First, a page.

Dr. Citra Fragrantia Theodorea
Dr. Citra Fragrantia Theodorea obtained her PhD degree from the Health Sciences University of Hokkaido, Japan in 2018. She is currently working as a Lecturer at Department of Oral Biology, Faculty of Dentistry, Universitas Indonesia. Her long-term research interest is oral microbiology which focuses on microbiome study and oral biomarker study in Non-Communicable diseases (Diabetes and Stunting). She has been working with Dr. Izumi Mashima from Ohu University, Japan under the supervisor of Prof. Futoshi Nakazawa to establish new species of the genus Veillonella such as Veillonella infantium and Veillonella Nakazawae which also have been published.
“A Game Changer” of Oral Microbiome related to Non Communicable Diseases in Indonesia
Nowadays, Indonesia is struggling to deal with non-communicable diseases (NCDs). The leading causes of mortality and morbidity in Indonesia have been dominated by the NCDs, such as cerebral stroke, heart diseases, diabetes mellitus and impaired development. NCDs are chronic, often asymptomatic and progressive, thus patients usually unaware of the disease until the sign and symptoms of its complications occur. Some inter-population biological studies reported that oral hygiene status might linked to NCDs based on comprehensive observations of gender-, geography-, ethnicity-, lifestyle-specific variations. Recently, the role of the oral microbiome in health and disease have provided insights into the various ecological events that act as drivers to shift the oral microbiota from homeostasis to fatal dysbiosis. However,determination of oral microbiome profile in Indonesia is challenging due to inter-population biology variation. Although Indonesia has high prevalence of NCDs, the oral microbiome data are not investigated yet. Here we show results of oral microbiome study related to NCDs in Indonesia which may be helpful to understand oral microbial configurations of NCDs in certain area of Indonesia.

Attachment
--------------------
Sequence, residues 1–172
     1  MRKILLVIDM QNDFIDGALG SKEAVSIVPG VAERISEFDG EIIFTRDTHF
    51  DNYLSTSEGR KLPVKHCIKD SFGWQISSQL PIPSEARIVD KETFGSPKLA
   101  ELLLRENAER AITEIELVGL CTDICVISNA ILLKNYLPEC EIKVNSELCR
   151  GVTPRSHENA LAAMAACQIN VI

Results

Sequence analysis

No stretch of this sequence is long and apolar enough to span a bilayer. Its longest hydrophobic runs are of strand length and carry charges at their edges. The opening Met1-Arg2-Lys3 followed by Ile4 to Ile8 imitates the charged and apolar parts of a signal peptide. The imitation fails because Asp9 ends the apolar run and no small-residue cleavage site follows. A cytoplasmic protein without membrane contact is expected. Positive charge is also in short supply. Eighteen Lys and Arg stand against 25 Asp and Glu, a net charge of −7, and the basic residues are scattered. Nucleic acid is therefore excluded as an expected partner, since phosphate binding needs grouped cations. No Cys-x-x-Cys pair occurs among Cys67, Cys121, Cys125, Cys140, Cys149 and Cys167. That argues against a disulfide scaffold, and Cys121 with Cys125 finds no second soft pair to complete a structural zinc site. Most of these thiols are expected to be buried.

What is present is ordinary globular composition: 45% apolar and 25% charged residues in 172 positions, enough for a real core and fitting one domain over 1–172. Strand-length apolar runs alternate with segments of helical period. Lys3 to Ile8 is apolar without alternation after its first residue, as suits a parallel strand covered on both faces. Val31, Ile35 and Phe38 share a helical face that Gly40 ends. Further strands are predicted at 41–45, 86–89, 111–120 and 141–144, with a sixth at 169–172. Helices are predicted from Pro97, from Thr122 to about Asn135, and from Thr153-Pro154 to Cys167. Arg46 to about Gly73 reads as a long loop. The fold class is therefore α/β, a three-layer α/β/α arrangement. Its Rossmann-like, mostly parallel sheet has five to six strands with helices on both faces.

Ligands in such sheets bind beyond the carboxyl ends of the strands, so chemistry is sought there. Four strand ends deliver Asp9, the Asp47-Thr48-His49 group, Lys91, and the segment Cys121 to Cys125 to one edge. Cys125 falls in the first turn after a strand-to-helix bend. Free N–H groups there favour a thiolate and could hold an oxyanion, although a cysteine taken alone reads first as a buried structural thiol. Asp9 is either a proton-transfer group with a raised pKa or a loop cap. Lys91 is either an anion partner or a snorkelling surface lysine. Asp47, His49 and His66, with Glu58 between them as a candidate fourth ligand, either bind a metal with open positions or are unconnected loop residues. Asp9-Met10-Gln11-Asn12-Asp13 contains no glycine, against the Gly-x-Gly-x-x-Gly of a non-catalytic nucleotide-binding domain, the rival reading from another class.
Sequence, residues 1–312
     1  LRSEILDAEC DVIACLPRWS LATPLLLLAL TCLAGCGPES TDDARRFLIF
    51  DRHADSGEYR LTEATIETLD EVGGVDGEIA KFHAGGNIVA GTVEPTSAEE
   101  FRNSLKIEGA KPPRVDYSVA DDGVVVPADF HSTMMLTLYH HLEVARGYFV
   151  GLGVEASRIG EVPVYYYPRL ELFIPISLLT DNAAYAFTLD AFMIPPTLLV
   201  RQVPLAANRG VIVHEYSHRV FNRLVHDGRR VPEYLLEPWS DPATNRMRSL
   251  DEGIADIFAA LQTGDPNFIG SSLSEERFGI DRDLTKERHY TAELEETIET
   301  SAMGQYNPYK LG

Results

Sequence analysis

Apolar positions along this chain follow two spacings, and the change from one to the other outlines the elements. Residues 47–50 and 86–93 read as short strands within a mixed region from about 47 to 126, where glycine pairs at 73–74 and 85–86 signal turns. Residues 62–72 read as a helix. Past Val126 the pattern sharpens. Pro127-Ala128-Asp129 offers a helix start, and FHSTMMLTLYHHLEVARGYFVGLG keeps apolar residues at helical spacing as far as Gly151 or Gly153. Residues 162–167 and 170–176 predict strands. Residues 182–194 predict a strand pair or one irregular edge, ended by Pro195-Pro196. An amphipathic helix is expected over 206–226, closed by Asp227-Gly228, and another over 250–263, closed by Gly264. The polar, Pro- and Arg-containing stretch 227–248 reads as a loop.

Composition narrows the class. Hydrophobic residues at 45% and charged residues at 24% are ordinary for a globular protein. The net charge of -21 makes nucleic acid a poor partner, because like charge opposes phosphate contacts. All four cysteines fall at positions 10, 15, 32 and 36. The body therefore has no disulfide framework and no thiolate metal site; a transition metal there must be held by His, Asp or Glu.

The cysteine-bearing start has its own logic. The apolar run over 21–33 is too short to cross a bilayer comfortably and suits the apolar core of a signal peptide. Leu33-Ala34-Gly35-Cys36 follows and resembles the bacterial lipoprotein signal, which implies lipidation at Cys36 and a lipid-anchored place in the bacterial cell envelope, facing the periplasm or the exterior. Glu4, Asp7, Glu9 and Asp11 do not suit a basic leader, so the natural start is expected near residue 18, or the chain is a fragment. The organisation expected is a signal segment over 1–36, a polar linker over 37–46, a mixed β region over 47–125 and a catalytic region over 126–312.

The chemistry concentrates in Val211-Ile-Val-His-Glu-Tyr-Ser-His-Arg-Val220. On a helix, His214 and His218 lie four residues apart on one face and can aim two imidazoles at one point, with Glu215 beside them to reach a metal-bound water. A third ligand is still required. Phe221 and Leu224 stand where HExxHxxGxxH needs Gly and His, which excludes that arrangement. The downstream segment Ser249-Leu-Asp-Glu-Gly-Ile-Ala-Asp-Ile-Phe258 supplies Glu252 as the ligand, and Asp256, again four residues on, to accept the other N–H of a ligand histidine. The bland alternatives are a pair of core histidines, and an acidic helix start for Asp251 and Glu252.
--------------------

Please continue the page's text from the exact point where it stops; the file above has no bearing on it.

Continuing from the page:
Keywords: Indonesia, Non-communicable diseases, Oral Microbiome, Dentistry